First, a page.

I can’t help but feel a sense of loss wandering around the former Bukit Timah Railway Station. Set in one of the greener and isolated stretches of the rail corridor in the days of the railway, it was a magical place that had the effect of taking one far away from the madness of a Singapore that had come too far too fast. Now a sorry sight behind an unsightly green fence, its still green settings is an much altered one scarred by the removal of the railway’s tracks and ballast, turfing and maintenance work.
The station had a special charm. Built in 1932 as part of the railway deviation scheme, it wore the appearance of a rural railway station, especially in surroundings that were most unlike the post-independence Singapore we had come to know. A passenger station in its early days and a point where racehorses transported for races at the nearby turf club were offloaded, the station in its latter days functioned more as a signal box for the exchange of key tokens (the token handed authority to the passing trains for the use of the single track that ran south to Tanjong Pagar and north to Woodlands).
The world around station is due to be upset further. Work to lay a water pipeline that will supply Singapore’s future needs, will start in the area of the station, is due later this quarter. It will only be at the end of the 2018 before the area is to be reopened, when it will, without a doubt, bear the scars left by the activity. There is however hope for its restoration, at least as a green space. This future, is now in the hands of the winning design consultants for the Rail Corridor concept plan.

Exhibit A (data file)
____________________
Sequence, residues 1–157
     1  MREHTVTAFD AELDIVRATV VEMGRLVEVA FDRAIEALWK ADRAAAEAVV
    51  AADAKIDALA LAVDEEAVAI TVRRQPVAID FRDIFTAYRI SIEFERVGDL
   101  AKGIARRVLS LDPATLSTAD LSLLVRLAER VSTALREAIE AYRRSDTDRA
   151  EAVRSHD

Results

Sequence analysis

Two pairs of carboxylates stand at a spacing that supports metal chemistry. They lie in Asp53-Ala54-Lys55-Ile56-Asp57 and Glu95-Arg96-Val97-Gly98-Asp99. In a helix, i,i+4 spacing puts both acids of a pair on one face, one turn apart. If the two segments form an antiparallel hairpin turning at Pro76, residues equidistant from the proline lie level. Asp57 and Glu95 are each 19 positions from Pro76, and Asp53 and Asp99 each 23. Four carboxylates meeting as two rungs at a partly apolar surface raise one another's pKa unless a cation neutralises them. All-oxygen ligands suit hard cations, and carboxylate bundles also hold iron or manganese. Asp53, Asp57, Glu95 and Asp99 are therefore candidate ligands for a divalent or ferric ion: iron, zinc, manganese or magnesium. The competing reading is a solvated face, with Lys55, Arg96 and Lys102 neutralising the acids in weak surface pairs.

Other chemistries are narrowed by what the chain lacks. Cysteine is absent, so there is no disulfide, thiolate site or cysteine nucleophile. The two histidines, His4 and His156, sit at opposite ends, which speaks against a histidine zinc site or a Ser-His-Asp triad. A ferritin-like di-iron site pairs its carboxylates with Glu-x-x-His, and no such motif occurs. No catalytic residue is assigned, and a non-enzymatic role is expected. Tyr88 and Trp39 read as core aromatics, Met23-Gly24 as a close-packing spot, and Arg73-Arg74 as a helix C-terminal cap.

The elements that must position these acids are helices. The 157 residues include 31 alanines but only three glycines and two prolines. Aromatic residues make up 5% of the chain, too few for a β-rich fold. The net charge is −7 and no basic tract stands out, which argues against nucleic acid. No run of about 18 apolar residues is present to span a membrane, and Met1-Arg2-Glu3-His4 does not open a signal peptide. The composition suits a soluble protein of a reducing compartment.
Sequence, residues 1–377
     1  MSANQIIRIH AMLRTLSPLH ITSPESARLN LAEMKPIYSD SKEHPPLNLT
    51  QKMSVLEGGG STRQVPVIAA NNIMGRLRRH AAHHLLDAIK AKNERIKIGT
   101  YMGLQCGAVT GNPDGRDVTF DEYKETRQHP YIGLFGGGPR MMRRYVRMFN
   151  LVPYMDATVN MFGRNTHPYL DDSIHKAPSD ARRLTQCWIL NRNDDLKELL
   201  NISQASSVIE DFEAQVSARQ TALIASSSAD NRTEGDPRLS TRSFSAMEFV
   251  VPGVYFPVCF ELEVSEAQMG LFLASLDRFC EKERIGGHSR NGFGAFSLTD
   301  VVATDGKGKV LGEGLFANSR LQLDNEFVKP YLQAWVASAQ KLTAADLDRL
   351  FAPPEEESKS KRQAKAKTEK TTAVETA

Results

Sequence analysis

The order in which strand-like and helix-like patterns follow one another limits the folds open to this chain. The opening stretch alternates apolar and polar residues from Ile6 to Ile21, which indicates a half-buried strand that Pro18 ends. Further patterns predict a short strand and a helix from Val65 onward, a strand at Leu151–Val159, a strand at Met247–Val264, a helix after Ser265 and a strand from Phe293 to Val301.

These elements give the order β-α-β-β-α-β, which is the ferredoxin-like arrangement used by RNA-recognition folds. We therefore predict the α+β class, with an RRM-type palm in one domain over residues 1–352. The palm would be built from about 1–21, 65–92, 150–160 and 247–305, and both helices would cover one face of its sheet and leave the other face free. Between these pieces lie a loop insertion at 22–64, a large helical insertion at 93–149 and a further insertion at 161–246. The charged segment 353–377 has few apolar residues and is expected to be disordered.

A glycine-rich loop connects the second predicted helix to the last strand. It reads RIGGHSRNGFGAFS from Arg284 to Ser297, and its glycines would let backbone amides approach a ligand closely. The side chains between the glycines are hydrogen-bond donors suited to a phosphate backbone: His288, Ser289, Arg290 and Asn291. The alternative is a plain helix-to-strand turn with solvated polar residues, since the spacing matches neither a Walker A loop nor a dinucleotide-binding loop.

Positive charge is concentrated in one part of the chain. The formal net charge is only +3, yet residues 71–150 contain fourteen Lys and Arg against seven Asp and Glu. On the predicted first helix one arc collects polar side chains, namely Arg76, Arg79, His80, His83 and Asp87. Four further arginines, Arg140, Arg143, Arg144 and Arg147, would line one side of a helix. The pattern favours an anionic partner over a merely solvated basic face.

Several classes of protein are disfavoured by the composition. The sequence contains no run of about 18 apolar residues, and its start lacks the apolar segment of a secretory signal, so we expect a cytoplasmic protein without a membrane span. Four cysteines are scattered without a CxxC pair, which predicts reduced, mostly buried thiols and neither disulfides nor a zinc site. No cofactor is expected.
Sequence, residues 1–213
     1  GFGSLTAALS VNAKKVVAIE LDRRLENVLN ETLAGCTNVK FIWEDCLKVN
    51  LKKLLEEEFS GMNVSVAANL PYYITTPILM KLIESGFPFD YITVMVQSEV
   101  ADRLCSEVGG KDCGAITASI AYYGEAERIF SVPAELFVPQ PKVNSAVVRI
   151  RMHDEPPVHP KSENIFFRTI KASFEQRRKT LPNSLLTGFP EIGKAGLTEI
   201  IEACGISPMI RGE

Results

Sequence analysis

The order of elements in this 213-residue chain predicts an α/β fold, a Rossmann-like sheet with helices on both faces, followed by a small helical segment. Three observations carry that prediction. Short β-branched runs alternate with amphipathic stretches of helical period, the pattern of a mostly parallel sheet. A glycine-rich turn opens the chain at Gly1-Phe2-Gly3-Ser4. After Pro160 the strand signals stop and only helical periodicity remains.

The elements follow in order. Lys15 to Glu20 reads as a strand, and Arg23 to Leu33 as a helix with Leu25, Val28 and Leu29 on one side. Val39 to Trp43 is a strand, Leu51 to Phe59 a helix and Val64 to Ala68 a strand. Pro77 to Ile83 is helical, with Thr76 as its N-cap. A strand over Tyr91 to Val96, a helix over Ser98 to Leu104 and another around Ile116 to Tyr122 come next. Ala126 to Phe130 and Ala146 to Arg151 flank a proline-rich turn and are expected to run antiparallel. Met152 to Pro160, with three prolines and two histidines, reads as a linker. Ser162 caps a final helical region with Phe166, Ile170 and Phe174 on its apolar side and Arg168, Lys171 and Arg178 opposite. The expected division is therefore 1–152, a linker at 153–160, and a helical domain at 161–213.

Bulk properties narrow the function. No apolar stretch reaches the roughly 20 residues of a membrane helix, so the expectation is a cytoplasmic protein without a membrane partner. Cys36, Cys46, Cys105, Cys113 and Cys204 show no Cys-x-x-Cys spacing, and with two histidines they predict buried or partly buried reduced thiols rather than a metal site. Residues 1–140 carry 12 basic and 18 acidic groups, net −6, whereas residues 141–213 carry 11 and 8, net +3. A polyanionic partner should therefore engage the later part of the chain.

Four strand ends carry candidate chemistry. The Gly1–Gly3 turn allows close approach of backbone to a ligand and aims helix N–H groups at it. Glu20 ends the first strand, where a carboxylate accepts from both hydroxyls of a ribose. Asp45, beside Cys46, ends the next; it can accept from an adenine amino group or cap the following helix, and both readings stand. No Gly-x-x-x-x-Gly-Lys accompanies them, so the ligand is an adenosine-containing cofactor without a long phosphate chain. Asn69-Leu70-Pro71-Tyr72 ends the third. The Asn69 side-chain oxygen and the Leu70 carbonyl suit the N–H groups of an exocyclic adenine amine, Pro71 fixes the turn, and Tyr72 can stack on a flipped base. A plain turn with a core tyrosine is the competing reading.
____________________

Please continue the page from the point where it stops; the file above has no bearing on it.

As part of the concept plan, a detailed design exercise is being carried out for a 4 km signature stretch. This includes the area of the former station. Feedback obtained through engagement efforts with various stakeholders and the public is being taken into consideration for this. What is left to be seen is its outcome, which should be interesting to see. This should be made public in the months ahead. It would of course be impossible to recreate the world that once was, but what would be good to see in the detailed design is that it remains a place in which one can run far from a Singapore we already have too much of.